Vaccinations for cats
In the United Kingdom there are number of highly infectious and potentially fatal diseases which can affect our pet cats. There are no specific treatments for these diseases and, as vets, we can only provide supportive care; sadly this means affected patients may die. The simple and effective way to prevent against these diseases is by vaccination. A primary course followed by regular booster vaccinations is vital to protect your pet cat against these diseases.
For more information about the vaccinations required for pet passports, click here.
The protection given by the primary vaccination course is not lifelong and the immunity wears off. Adequate antibody levels should be maintained at the level necessary to fight infection should it arise. If a patient has missed its annual booster by greater than eighteen months it will be safer to have the primary vaccination course repeated to ensure adequate protection.
In addition to the administration of the vaccine the veterinary surgeon will give your pet a thorough clinical examination. The teeth will be examined and, if necessary, advice given about methods to improve dental hygiene. Eyes, ears, skin and lymph nodes will also be examined or palpated for abnormalities. We will listen to the heart and lungs with a stethoscope, and will palpate the abdominal organs to feel for any abnormalities. We will discuss parasite prevention strategies with you and will answer any questions or perform additional examinations or tasks that may be necessary to optimise the health of your pet. It is very important to ascertain that your pet is healthy prior to the administration of a vaccine.
- Feline panleucopaenia
- Feline infectious enteritis
- Feline parvovirus
Before the development of an effective vaccination, this disease was a common cause of death, particularly in kittens and young cats. It causes severe vomiting and diarrhoea leading to fatal dehydration within two to three days of infection. It is a viral disease which is spread in cat faeces and can survive in the environment for long periods of time. Protection against the disease is provided by a primary vaccination course and then booster vaccinations every 12 months.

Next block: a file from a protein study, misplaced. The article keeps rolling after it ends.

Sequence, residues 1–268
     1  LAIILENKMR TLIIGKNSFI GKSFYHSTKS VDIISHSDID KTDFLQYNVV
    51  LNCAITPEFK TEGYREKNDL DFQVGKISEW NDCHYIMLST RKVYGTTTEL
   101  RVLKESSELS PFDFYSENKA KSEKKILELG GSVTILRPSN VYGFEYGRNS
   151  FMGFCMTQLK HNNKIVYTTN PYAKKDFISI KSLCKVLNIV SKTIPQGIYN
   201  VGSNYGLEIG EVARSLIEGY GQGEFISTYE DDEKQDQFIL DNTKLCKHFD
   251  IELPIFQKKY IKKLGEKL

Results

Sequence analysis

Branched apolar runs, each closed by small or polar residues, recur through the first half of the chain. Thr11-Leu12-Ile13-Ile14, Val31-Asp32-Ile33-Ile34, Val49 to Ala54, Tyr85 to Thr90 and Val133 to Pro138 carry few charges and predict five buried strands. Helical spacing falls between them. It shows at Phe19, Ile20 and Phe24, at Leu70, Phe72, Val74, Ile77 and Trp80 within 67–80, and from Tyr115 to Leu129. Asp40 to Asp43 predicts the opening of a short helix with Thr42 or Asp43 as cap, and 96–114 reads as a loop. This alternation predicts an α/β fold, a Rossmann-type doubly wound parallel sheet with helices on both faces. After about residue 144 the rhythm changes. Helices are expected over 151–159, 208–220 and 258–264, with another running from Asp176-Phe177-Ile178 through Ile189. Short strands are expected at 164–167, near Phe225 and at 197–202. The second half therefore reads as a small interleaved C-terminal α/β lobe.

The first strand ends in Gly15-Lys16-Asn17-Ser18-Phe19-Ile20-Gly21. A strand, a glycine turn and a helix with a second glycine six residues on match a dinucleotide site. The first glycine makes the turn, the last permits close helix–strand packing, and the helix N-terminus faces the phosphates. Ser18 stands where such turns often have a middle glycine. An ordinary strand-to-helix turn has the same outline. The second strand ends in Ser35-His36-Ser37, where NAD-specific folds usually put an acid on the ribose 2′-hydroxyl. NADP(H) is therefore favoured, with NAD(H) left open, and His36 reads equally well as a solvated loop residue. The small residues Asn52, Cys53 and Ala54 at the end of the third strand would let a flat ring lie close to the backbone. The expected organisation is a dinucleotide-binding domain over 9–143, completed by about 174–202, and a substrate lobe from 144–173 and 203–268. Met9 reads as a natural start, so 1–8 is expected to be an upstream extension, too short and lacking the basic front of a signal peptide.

Cat flu (Calicivirus and Herpesvirus)
Cat flu is still a very common condition in populations of unvaccinated cats. The viruses are passed by direct contact between cats but can also be transmitted on clothing. These viruses cause respiratory disease characterised by sneezing, runny noses and eyes and, in some cases, mouth and eye ulcers develop. Fortunately the disease is rarely fatal and often resolves with supportive treatments and nursing care. Young cats, elderly cats and cats with other diseases tend to be affected more severely and can die. Once infected the individual will carry the virus, often on a permanent basis, and potentially transmit it to any cat they meet. Some of these carrier cats may be symptom free but others can suffer recurrent or persistent runny noses, mouth ulcers, gum inflammation or eye ulceration. Protection against the disease is provided by a primary vaccination course and then booster vaccinations every 12 months. All cats should be vaccinated against cat flu, even those who do not have access to the outside environment.
Feline leukaemia virus (FeLV)
This is a very important viral disease which is spread by close contact with an infected cat. Any cat going outside is therefore at risk. Once affected the disease is almost always fatal. Treatment can only help to control the symptoms not cure them. The disease destroys the cat’s immune system and can cause cancerous growths. Protection against the disease is provided by a primary vaccination course and then booster vaccinations every 12 months.